Physics laws desert universe, University

Jose Cuervo

Walking on water, beer or even air will become common while jaywalking will become a thing of the past.
The laws of physics, often called the most universal laws in the Universe, were revoked Thursday morning in preparation for the upcoming apocalypse. Martial law will be instituted to manage all those fools who just can’t control themselves. For students, faculty members and staff at the University, this means adapting to enormous change.
“I’m flying,” said Carlson School of Management senior Joseph Walabee. “You seriously have got to try this. Man, this is better than money, better than money!” Walabee, who had forgotten that the laws of physics govern much more than just gravity, then burst into flames and hasn’t been seen since.
The effects of the waning laws of physics became apparent throughout campus as people gradually discovered that things just didn’t work like they were supposed to.
“Man, I was wake’n’baking at around 10:30 p.m.,” said burnout and eight-year senior Oliver Terwallinger. “So I went to hit the bong, and it was like, woosh, water. I thought, whoa, that acid was better than I thought last night, you know, man?”
Terwallinger then woke up his girlfriend, Lolita Brown, and told her to try the bong.
“Man, she sat up, sat up some more and just kept sittin’. Shoot, she just floated right out of the window. I swear that is the last time I drop liquid; that sh*t is pooootaant!”
And while Terwallinger did not make it to campus Thursday, many more serious students did.
It was tears, breaking beakers and burning lab coats in the Tate Laboratory of Physics, where about 200 physics students and professors met Thursday afternoon to discuss what they have deemed to be a crisis.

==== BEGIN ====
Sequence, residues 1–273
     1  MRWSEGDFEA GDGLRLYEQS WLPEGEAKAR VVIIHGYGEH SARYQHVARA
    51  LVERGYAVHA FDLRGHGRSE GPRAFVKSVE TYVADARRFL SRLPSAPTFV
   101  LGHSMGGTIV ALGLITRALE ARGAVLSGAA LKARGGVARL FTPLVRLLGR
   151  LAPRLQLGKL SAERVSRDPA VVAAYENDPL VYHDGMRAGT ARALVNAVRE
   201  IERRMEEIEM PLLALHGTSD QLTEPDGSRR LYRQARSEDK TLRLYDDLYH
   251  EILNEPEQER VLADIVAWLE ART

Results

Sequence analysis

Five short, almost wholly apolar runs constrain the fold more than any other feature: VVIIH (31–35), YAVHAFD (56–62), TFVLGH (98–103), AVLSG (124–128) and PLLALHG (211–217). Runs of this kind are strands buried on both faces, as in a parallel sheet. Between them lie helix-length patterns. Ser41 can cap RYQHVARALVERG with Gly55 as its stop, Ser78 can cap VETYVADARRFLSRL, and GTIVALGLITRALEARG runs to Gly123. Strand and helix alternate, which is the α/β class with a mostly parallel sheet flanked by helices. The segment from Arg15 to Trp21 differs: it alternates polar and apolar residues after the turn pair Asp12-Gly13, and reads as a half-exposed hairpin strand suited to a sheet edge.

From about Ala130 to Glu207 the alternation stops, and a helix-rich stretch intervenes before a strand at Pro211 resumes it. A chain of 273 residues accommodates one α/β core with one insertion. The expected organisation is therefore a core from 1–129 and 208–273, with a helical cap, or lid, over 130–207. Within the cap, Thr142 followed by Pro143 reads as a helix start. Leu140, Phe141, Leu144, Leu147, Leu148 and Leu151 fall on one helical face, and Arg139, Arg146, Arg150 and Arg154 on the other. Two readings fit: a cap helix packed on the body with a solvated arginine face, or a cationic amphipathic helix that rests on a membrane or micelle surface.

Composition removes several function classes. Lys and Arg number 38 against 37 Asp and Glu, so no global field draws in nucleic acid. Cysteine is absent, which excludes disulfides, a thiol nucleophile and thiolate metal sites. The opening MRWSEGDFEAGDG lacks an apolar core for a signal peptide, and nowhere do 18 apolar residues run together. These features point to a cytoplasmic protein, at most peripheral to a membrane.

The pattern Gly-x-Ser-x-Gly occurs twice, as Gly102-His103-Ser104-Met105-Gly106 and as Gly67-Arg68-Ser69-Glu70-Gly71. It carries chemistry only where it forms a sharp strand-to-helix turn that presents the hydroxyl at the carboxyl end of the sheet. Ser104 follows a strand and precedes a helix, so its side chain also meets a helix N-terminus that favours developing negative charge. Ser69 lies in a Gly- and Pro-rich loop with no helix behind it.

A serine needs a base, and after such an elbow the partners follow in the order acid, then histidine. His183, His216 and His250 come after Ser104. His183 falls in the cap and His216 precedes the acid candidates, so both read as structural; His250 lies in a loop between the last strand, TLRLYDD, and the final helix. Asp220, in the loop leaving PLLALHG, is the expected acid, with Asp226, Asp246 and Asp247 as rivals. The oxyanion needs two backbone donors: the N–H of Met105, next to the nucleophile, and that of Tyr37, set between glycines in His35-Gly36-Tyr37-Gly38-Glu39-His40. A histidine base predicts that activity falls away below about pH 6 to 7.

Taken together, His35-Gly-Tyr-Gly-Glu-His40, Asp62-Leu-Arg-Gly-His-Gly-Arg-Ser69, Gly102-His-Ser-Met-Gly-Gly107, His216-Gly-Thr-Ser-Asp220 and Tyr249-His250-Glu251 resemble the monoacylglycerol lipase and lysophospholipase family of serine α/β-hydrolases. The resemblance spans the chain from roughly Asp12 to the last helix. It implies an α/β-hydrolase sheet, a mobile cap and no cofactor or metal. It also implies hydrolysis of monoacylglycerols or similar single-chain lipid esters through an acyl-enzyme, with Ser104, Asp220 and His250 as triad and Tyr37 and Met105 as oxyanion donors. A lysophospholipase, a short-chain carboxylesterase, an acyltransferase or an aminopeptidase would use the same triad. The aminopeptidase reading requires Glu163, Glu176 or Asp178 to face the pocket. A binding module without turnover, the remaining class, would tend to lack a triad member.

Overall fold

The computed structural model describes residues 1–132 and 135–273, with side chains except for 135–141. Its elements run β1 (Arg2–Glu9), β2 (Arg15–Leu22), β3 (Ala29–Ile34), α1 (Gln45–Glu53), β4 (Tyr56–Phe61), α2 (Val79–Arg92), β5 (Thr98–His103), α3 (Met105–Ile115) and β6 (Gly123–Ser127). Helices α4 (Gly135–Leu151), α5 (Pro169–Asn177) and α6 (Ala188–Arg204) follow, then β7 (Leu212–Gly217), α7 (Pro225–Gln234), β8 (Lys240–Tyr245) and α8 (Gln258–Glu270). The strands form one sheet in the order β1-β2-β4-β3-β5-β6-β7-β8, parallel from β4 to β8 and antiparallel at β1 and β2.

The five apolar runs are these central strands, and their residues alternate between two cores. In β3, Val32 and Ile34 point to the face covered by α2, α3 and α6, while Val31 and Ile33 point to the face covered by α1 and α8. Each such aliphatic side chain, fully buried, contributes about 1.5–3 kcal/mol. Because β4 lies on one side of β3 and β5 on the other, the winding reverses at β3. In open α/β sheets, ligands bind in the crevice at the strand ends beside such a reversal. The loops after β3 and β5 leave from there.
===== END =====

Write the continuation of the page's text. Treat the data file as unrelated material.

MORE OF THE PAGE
Professor Harry Johnson sweat heavily while he pointed to a dirty chalkboard.
“Watch this,” he cried as he then tried to throw a piece of chalk across the packed auditorium. His arm hurled the chalk like a professional baseball pitcher, but the chalk dropped to the ground and melted.
“AHHHH!” he screamed. “For every action there is an equal and opposite reaction.” Then he burst into flames.
Some professors were more collected than Johnson and explained why the physical laws are so important.
“Well, these are the laws that control the universe, not just the University,” said professor Wilma Wiggins. “Without them, we will have no order. It will be chaos, like the apocalypse. Oh yeah, that’s right. Umm, I guess I’m going to go sit on a rooftop somewhere and watch it all go down. See you in hell, suckers.”
The National Guard has been called in to maintain order, but local pilots said it is unlikely that they will do much good.
“Seriously, man. How do you expect them to fly planes or fire guns without physics?” asked retired Air Force Pilot Richard Strong. “I mean, we are seriously screwed here.”
But while the end is near and everyone should be preparing for their final judgment, many people have discovered that flying across the Mississippi River or walking on water is really a lot of fun.
“Wooohoooooo,” cried dozens of unidentified floating people who avoided the walk across the Washington Avenue Bridge. “Weeee, yeeehaw!”
Jose Cuervo welcomes comments at many campus bars.